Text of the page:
Tired of the civil war ravaging England, Thomas Hobbes decided in the seventeenth century that he would work out how society should be governed. But his approach was not to be based on the wishful thinking of Plato's 'Republic' or Bacon's 'New Atlantis'; Hobbes used Galileo's mechanics to construct a theory of government from physical first principles. His answer looks unappealing today: a dictatorial monarchy that ruled with an iron fist. But Hobbes had begun a new adventure: to look for 'scientific' rules that governed society.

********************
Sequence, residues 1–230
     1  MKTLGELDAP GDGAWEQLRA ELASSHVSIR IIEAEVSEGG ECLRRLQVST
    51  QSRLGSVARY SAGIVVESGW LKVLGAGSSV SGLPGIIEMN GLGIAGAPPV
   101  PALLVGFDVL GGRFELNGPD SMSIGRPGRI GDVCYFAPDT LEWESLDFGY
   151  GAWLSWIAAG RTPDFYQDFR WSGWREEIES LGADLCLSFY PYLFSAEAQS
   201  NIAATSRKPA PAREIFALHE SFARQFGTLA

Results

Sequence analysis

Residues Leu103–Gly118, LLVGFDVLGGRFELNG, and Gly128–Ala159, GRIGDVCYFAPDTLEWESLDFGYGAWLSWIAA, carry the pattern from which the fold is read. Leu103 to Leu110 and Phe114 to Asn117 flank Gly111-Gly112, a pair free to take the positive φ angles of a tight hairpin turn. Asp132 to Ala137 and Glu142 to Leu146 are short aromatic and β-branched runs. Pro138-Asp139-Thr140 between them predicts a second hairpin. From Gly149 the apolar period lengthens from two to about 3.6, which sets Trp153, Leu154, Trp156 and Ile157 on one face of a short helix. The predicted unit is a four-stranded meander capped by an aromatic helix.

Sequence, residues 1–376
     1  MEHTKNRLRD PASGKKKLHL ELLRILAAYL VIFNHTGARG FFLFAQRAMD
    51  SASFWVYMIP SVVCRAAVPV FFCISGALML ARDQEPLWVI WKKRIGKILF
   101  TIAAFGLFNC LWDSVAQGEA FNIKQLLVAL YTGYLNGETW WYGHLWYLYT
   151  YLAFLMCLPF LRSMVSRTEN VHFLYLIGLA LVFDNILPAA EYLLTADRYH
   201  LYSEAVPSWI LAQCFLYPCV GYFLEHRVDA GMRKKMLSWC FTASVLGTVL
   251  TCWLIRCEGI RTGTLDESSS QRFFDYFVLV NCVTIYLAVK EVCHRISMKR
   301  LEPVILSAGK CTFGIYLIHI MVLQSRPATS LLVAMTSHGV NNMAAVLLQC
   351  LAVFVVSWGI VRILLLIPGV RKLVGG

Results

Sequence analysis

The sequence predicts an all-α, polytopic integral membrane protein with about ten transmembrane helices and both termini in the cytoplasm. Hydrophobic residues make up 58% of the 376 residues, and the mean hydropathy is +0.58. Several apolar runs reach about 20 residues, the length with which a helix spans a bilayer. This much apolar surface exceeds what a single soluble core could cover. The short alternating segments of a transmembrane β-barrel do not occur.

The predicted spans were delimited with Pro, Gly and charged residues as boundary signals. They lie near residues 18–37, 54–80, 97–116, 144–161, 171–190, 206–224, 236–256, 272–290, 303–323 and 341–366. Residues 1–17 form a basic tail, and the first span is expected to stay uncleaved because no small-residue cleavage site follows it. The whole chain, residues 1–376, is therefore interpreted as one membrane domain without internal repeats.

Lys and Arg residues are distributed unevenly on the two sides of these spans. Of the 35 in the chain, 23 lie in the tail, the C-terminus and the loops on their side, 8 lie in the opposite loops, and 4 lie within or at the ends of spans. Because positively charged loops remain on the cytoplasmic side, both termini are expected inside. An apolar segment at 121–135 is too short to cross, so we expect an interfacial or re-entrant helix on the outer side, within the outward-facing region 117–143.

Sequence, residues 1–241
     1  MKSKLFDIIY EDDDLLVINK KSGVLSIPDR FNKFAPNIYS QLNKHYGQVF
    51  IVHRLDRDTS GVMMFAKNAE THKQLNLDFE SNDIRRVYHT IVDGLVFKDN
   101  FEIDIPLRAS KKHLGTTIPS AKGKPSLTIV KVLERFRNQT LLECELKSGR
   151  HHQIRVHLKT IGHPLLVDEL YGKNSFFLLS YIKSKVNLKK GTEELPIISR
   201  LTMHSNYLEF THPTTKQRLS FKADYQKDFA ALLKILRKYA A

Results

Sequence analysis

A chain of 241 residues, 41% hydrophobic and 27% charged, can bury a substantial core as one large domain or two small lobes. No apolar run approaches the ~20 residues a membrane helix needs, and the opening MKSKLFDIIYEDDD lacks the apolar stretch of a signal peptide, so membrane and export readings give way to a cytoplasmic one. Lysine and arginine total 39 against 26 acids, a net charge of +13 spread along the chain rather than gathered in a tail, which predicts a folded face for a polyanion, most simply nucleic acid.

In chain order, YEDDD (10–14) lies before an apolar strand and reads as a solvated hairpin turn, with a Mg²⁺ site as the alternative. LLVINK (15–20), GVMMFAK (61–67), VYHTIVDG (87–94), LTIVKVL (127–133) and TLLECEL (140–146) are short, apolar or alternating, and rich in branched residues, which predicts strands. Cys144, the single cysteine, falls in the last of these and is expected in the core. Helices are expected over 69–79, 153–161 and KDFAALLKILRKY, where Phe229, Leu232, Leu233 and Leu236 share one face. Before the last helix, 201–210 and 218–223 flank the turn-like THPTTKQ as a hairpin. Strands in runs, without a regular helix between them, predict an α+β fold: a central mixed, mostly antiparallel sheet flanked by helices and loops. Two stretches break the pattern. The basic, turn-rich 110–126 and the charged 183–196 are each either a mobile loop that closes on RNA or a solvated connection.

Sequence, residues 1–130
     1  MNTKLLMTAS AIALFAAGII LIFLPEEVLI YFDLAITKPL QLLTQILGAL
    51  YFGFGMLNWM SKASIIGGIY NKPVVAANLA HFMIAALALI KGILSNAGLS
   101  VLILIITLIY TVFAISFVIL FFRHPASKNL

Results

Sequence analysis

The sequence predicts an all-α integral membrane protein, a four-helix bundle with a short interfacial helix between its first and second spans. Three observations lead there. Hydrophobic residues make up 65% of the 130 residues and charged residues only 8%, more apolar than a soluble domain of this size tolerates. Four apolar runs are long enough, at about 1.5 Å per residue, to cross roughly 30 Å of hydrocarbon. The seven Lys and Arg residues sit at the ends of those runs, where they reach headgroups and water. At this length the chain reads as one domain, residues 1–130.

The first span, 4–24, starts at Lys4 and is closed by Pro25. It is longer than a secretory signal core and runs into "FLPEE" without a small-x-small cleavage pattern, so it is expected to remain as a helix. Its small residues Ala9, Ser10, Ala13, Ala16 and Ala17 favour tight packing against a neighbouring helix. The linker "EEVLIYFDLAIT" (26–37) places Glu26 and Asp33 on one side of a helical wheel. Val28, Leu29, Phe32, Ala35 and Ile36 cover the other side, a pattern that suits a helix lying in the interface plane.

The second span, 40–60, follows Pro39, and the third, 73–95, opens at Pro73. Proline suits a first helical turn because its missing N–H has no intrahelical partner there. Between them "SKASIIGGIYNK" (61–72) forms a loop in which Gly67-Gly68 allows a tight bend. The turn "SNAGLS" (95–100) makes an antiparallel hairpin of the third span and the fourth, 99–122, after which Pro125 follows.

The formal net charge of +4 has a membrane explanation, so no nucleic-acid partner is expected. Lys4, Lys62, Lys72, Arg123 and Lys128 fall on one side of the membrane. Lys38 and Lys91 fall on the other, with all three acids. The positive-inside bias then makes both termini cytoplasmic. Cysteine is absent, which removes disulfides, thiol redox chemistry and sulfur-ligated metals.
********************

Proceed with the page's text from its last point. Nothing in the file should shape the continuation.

This programme was pursued, from many different political perspectives, by Adam Smith, Immanuel Kant, Auguste Comte, John Stuart Mill and others; but social and political philosophy gradually abandonded such a scientific approach. Today, physics is enjoying a revival in the social, economic and political sciences, as we find that large numbers of people can display behaviour eerily reminiscent of so many mindless particles, all interacting with one another.
This companion volume to "Stories of the Invisible: A Guided Tour of Molecules" looks at how our ideas about the fundamental constitution of matter have evolved through the ages, from the four classical elements of Aristotle to the creation of new, artificial elements in the particle-smashing machines of physics laboratories.